Tackling love, loss, anger and grief, often through her own prisms of failures and disappointments (her mother’s death, sexual abuse by a relative, drug addiction and myriad of shitty relationships,) Strayed writes unflinching “lessons in radical empathy” that enlighten and give insight into what it means to live an open, purposeful life.
“The story of human intimacy is one of constantly allowing ourselves to see those we love most deeply in a new, more fractured light,” she writes. “Look hard. Risk that.”
Big Magic: Creative Living Beyond Fear, by Elizabeth Gilbert (Riverhead Books, $24.95)
The mega-popular Eat Pray Love author puts away her passport and takes on what could be the biggest mind-trip of all: Harnessing the “magic” of creativity. “I believe that our planet is inhabited not only by animals and plants and bacteria and viruses, but also by ideas,” she explains.
“Ideas are a disembodied, energetic life form.” OK, sure, it sounds a bit precious and mystical but Gilbert keeps the advice relatable and down-to-earth. “Stop complaining,” she commands in one chapter, “Every artist complains, so it’s a dead and boring topic.” This is the book to pick up if you want to finally finish (or start) that novel, pick up the guitar, start painting or launch that wildly profitable pop-up restaurant.
You are a Bad-Ass: How to Stop Doubting Your Greatness and Start Living an Awesome Life, by Jen Sincero (Running Press, $25)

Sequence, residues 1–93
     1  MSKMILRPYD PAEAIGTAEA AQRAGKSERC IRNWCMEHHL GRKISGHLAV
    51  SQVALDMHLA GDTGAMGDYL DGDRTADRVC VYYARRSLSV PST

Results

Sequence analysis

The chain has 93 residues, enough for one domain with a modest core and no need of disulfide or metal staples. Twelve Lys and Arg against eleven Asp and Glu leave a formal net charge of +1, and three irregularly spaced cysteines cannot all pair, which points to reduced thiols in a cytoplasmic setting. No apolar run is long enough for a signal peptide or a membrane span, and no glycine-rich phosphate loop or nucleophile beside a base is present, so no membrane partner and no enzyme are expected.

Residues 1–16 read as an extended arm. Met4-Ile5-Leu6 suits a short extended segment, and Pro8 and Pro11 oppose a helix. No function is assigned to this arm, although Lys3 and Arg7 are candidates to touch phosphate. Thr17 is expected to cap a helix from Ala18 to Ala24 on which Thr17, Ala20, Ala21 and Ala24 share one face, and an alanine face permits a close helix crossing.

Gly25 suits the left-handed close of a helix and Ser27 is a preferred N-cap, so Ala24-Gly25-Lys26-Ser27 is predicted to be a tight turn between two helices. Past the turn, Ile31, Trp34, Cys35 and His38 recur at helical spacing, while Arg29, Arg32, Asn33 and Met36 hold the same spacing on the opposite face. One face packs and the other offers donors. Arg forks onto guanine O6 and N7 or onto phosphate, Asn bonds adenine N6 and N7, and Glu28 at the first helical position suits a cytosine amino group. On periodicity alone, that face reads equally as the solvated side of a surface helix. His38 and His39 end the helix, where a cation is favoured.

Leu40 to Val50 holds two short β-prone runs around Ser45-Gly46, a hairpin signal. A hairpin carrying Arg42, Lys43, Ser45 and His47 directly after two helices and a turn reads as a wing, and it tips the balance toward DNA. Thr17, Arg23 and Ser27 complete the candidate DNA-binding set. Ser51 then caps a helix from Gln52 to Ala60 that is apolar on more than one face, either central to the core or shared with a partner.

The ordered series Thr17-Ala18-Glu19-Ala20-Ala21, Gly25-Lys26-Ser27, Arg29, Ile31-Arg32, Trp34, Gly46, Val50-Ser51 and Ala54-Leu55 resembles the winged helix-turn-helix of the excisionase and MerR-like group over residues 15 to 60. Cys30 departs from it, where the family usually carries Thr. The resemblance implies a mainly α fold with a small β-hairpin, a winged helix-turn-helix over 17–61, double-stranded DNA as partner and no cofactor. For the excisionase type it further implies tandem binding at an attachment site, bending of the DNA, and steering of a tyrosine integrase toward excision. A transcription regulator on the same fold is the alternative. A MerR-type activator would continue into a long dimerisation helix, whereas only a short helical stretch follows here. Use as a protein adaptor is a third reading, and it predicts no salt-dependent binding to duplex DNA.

If flowery motivational talks aren’t your jam then try Sincero’s clear-eyed, blunt-tongued approach. This best-seller doesn’t disappoint with chapters such as "Your Brain is Your Bitch” and “How to Get Over Your BS.“ Basically this is a guide on how to check yourself before you wreck yourself, Sincero comes across as your wise, impossibly cool older sister dispensing been-there-lived-through-that advice in a razor sharp yet loving voice.
Sincero imbues her lessons with chestnuts that explore tapping into overcoming one’s fears and self-doubts through spirituality and a higher power: “This is about your faith being bigger than your fear,” she writes.
How to Be a Person in the World: Ask Polly's Guide Through the Paradoxes of Modern Life, by Heather Havrilesky (Doubleday, $24.95)
Much in the same vein as Tiny, Beautiful Things, this advice column collection tackles life’s questions with brutal wit and compassion. Culled from Havrilesky’s New York Magazine “Ask Polly” column, the dilemmas feel of-the-moment yet timeless.
Whether advising an ego-bruised reader to channel her inner Kanye, guiding a party girl away from chronic Game of Thrones-style drunken grandiosity (who among us doesn’t need to hear that?) or evoking Meatballs-era Bill Murray to consider the age-old question of career versus motherhood, reading Havrilesky feels like hanging with your BFF.
Work Life: A Survival Guide to Modern Life, by Molly Erman (Dovetail, $20)
Finally, a work guide that doesn’t suck. This colorful guide to office life doesn’t talk down with condescending advice and, even better, it doesn’t aim to pump you up with meaningless platitudes.
Rather, Erman offers the real-life tips they don’t teach you in college (but should). Be it email etiquette, decoding office culture (what the hell is ‘business casual’ anyway?), quitting your job like a champ, or acing performance reviews, Work Life is basic AF but in the best, most essential way possible.
Need more? Don't forget the #Girlboss Workbook.
Words: Rachel Leibrock
Photo: Daria Kobayashi Ritch
This story was originally published on June 12, 2017.